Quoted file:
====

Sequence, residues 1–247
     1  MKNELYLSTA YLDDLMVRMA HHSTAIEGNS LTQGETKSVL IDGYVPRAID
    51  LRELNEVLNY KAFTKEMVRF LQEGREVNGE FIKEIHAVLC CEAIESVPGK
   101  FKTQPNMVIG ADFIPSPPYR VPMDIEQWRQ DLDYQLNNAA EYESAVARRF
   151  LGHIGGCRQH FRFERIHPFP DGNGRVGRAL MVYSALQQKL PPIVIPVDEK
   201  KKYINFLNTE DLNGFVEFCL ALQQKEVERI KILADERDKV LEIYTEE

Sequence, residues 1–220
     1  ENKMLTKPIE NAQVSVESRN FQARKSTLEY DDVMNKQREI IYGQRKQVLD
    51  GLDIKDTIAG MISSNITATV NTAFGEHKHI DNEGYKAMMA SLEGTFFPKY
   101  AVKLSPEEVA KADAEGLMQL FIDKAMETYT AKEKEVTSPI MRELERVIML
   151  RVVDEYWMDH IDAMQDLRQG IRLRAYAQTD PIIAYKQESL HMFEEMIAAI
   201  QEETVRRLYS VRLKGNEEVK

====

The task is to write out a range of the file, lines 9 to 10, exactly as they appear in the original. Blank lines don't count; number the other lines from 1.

    51  GLDIKDTIAG MISSNITATV NTAFGEHKHI DNEGYKAMMA SLEGTFFPKY
   101  AVKLSPEEVA KADAEGLMQL FIDKAMETYT AKEKEVTSPI MRELERVIML